Although Warsaw is the current political capital of Poland, Krakow has been the city that has held that status. It has also been the religious capital of the country, a feature that still characterizes it today. That is why this small but charming Polish town has so much to offer the visitor.
There are many artistic and historical charms that it treasures. It is not for nothing that it is a UNESCO World Heritage City. Seeing them in detail can take our time, although it is possible to do it in 5 days. In this article I propose a planning of the visit so you can enjoy all that Krakow has to offer. And not only Krakow: we will still have plenty of time to explore its surroundings. Let's go!
Day 1: Visit to the Old Town of Krakow
It is best to start with the heart of the city and the most famous. Once we have imbibed the atmosphere of the city, we can spend the following days exploring and getting to know more. Therefore, the first day we will take it easy: we will see the Cloth Market, St. Mary's Basilica, St. Florian's Gate and the Castle.
It is, as I said, a visit in the essentials. To do it more thoroughly, I advise you to get more information in this article on what to see and do in Krakow. And, of course, do not hesitate to hire one of the many tours that will take you into Krakow with all the information you need to get the most out of the city.
We start in the heart of the old town: the Cloth Market, where the Basilica of Santa Maria, another of the most significant monuments of the city, is also located. The Cloth Market was, as its name indicates, the commercial and economic center of the city for centuries.
Although it already existed in the 13th century, its current appearance is purely Renaissance and from the 16th century.
St. Mary's Basilica
The Basilica of Santa Maria is a beautiful Gothic temple that, throughout its history, was incorporating elements of other architectural styles. On the outside, it stands out for its almost fortress-like rotundity. But the best part is inside: its decoration and trousseau are simply impressive. Pay close attention to its Gothic ribbed vaults, because they are painted in blue, imitating a starry sky.
As a curiosity, you will see that every hour a trumpet sounds from the top of the basilica. This refers to the legend, according to which, it was a trumpeter at the top of a tower who warned the city of the approach of the Mongols. The musician, however, according to the legend, did not have time to play much, since an arrow shot by the Asian invaders pierced him.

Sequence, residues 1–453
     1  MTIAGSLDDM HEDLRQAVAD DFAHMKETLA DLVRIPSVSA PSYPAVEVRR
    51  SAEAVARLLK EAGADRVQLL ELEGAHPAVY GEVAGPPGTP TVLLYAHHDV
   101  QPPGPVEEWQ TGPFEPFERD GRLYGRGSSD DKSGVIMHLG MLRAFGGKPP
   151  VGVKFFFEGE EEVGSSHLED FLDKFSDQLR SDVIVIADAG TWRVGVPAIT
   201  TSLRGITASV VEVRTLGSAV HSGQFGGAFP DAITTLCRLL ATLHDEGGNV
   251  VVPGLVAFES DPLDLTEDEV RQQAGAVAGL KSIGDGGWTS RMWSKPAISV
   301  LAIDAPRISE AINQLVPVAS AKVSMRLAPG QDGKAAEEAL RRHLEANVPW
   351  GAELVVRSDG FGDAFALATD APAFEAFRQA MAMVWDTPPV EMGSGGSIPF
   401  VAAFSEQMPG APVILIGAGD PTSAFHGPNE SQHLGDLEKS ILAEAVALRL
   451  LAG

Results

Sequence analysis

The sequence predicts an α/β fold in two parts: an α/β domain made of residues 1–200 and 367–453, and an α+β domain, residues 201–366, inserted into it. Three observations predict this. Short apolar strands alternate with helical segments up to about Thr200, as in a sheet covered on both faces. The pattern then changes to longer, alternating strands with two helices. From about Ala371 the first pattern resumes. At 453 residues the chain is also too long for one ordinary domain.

Did you like it? Then continue exploring the cultural heritage of the city: for more details see this article on the best churches in Krakow.
Here's a tip: Poland is a very religious country, especially Krakow since it is the archiepiscopal see. Walking through churches when there is mass or not being polite can attract bad looks from the locals. Something that, if we come from Western countries, where these rules are somewhat more relaxed, may be uncomfortable and even incomprehensible. However, you should keep this in mind.
St. Florian's Gate
About 10 minutes from the Cloth Square is the St. Florian's Gate. An opportunity to see what the walled Krakow of the Middle Ages was like. This gate is one of the few things that has been preserved, but it is worth it: it is a monument of extraordinary beauty despite its defensive function. If you want to continue exploring this facet of Krakow's architecture, take a tour of the Barbican and the defensive walls.
After this walk, which can perfectly take 3 hours, it is time for a snack. Or, if you've started to visit everything after 10 o'clock, you may be a little hungry, so it's time for lunch. Then it's time to eat. Need some ideas? Here's more information on where to eat in Krakow.
After lunch: visit to the Castle
After lunch, let's go to the highlight of Krakow: its Castle and Cathedral. They are located on the hill of Wawel, at the southern end of the walled city and overlooking the Vistula River. It is a space that is a real sancta sanctórum of Polish history. There you can discover the luxury with which the kings of Poland lived, as well as their tombs in the Cathedral. These are the essential spaces:
- Sigismund Chapel (Cathedral);
- The Chapel of Santa Cruz (Cathedral);
- Tombs of the Counts and Kings of Poland (Cathedral);
- State Courtyards (Castle);
- Treasury and Armory (Castle);
- Statue of John Paul II (exterior).
To see the vast majority of these charms, you will have to access the interior of the monuments. See this article for more information on how to get to Krakow Castle, opening hours and entrance fees.
Day 2: Jewish Quarter and WWII Krakow
On the second day you can delve into the most historic city, especially the one that has felt the most the wound of the Second World War and the Holocaust, which was ruthless in Poland. There are many things to see in this regard, although I want to highlight three: the Jewish Quarter, the Krakow Ghetto and the Oskar Schindler Factory. All these places are in close proximity, on the banks of the Vistula River, although the Ghetto and the factory are on the other side of the river.
Also called Kazimierz, it was where the Jews of Krakow were located from the 16th century onwards. Over time, Kazimierz became one of the largest Jewish neighborhoods in Europe, as evidenced by its high concentration of synagogues, almost unique in the world. I advise you to wander through its streets, but also to visit some of the synagogues. The most important are the following:
- Old Synagogue
- Remuh Synagogue
- Tempel Synagogue
- Isaac Synagogue
Also, a good complement to the visit can be a closer look at the Jewish Museum of Galicia. Its name has nothing to do with the Spanish region, but with the name of an ancient kingdom. Although if you do not know enough, here you have more things to do in the Jewish Quarter of Krakow.
From the Jewish Quarter, just across the bridge, you will find yourself in an area where you can see the Krakow Ghetto. Or rather, what is left of it. These are the remains of the wall that isolated the ghetto, one of the largest of the Nazi occupation along with Warsaw. Here, for example, the famous filmmaker Roman Polanski was born. By the way, this will not be the only cinematographic reference you will find in this area.
Oskar Schindler Factory
Immortalized by Spielberg in Schindler's List, Oskar Schindler's factory was the place where this German businessman took in many Jewish workers in order to save them from deportation. If you are a lover of cinema, history or both, it is an inexcusable visit.
Day 3: Visit to Auschwitz